Software Architecture Description (SWARD)
6. REQUIRING OFFICE

4. AUTHORITY (Data Acquisition Document No.)

DI-IPSC-81435A/T
7. DD 250 REQ

<SOW Paragraph Number>
10. FREQUENCY 12. DATE OF FIRST SUBMISSION 14.

<Program Office Name>
DISTRIBUTION b. COPIES a. ADDRESSEE Draft Upload to Repository 1 1 Final Reg Repro 1

LT
8. APP CODE

9. DIST STATEMENT REQUIRED

ONE/R
11. AS OF DATE

See Block 16
13. DATE OF SUBSEQUENT SUBMISSION

A
16. REMARKS

D See Block 16

N/A

See Block 16
For delivery of electronic media: <Organization Code> <Organization Code> <Organization Code> 1 1 1

Block 4 (cont’d): When creating the software architecture description, some guidelines shall be observed:
• • • • • • Use a key/legend to define the graphical notation in diagrams. Use consistent graphical notation across diagrams. Identify in a clear way the elements that are external to the system. Use multiple levels of abstraction as needed. If part of the architecture follows a known architectural style/pattern indicate that in the documentation. When possible, make use of system metaphors (e.g., “our payroll system is like an assembly line”) in order to facilitate communication and understanding of the system.

1 1 1

1 1 1

Elaborating information may be found in [1]. This book represents best commercial practices for documenting software architectures. Note: IEEE 1471 [2] provides guidance for choosing the best set of views to document an architecture, by bringing stakeholder interests to bear. It prescribes defining a set of viewpoints to satisfy the stakeholder community. A viewpoint identifies the set of concerns to be addressed, and identifies the modeling techniques, evaluation techniques, consistency checking techniques, etc, used by any conforming view. A view, then, is a viewpoint applied to a system. It is a representation of a set of software elements, their properties, and the relationships among them that conform to a defining viewpoint. Together, the chosen set of views show the entire architecture and all of its relevant properties. References: [1] Clements, Paul et. al., Documenting Software Architectures: Views and Beyond, Addison Wesley Longman, 2002; ISBN 0-201-70372-6. [2] ANSI/IEEE-1471-2000, IEEE Recommended Practice for Architectural Description of Software-Intensive Systems, 21 September 2000.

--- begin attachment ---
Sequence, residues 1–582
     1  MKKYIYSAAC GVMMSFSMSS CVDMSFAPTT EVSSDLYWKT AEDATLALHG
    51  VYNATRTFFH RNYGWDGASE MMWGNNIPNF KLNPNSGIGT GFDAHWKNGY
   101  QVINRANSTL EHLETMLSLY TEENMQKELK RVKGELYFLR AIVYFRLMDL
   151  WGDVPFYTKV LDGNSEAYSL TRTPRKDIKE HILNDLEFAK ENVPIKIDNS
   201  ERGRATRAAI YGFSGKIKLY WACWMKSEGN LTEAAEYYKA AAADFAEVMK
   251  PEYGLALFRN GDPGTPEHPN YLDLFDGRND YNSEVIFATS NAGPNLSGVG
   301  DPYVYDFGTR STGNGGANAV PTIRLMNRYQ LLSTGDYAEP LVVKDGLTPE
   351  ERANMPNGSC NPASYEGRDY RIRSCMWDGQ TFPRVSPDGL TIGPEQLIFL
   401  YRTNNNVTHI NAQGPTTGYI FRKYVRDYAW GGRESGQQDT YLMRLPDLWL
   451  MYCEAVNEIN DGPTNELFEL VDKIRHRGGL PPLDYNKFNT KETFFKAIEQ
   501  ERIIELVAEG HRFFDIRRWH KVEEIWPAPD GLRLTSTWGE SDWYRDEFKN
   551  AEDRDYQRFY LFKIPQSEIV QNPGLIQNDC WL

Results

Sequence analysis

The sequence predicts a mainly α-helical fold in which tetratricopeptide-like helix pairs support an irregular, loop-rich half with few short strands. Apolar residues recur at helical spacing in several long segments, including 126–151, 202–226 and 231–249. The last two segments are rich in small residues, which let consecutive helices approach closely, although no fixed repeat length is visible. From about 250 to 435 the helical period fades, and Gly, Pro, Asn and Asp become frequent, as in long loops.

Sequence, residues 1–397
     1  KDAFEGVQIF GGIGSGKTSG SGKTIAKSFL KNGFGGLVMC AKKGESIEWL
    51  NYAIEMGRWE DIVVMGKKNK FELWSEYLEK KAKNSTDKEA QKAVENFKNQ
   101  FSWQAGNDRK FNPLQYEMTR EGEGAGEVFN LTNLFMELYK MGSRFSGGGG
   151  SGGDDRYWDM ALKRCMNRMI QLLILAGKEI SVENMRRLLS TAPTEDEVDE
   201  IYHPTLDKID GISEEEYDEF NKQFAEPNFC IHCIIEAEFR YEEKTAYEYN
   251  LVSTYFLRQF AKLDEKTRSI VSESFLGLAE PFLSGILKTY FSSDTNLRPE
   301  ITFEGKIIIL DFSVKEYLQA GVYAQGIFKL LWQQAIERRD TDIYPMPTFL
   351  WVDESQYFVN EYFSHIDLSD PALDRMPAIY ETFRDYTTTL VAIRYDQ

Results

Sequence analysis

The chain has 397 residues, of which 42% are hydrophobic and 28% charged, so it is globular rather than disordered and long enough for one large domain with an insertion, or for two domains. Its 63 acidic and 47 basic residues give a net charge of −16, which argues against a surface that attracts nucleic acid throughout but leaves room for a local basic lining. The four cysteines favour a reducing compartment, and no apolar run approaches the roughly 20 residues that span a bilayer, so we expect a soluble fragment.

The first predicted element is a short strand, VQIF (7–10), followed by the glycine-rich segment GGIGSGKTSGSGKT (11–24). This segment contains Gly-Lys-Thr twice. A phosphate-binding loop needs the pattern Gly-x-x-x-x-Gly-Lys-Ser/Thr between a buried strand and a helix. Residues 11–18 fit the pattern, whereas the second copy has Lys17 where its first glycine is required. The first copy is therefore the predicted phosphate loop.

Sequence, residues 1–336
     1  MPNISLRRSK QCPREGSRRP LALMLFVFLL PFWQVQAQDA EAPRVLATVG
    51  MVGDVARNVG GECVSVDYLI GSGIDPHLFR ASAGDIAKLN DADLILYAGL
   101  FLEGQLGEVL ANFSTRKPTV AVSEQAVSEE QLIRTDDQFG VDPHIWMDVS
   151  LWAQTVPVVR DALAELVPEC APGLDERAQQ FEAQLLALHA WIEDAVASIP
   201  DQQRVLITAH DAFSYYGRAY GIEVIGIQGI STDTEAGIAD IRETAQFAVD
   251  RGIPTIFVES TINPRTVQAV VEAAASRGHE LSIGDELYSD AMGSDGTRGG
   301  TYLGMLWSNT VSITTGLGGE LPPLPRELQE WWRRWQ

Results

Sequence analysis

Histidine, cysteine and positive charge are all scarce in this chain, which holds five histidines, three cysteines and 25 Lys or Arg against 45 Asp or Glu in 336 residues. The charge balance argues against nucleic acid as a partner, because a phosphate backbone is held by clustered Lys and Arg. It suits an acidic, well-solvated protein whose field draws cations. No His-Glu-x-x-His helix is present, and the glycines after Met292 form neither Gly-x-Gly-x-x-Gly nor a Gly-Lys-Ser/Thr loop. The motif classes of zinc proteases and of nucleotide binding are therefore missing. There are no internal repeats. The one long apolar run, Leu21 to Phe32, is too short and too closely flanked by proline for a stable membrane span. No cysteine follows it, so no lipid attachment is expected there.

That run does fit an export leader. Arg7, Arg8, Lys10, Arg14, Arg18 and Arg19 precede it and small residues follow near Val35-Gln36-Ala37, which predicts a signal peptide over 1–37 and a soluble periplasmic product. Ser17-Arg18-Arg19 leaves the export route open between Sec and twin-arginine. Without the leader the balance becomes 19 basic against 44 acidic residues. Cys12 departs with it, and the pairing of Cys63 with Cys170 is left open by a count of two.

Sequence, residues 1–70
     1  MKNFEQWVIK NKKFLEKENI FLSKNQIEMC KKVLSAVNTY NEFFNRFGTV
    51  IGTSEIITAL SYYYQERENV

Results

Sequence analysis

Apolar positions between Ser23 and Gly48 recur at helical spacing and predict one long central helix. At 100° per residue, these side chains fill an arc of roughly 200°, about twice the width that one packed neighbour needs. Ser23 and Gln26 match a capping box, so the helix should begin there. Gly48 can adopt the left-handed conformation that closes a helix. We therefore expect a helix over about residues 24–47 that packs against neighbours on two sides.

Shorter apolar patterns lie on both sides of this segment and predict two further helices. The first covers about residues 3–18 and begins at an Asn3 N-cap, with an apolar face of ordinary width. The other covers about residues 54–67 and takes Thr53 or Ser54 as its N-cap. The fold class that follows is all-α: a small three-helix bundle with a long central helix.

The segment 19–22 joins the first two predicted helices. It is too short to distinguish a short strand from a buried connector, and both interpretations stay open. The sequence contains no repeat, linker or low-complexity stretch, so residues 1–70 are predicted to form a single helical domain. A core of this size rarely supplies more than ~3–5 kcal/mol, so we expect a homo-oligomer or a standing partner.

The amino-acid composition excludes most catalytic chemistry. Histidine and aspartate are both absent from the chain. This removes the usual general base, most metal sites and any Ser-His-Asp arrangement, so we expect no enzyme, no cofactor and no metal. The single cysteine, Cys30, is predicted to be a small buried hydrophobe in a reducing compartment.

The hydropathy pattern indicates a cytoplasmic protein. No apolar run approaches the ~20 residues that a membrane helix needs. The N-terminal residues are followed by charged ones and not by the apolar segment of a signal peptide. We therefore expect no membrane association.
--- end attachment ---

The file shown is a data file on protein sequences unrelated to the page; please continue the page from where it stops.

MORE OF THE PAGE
15. TOTAL

4

4

4

G. PREPARED BY

H. DATE

I. APPROVED BY

J. DATE

DD FORM 1423-1, FEB 2001

PREVIOUS EDITION MAY BE USED.

Page 3 of 4 Pages

A-4 | CMU/SEI-2009-TN-004

CONTRACT DATA REQUIREMENTS LIST
(1 Data Item)

Form Approved OMB No. 0704-0188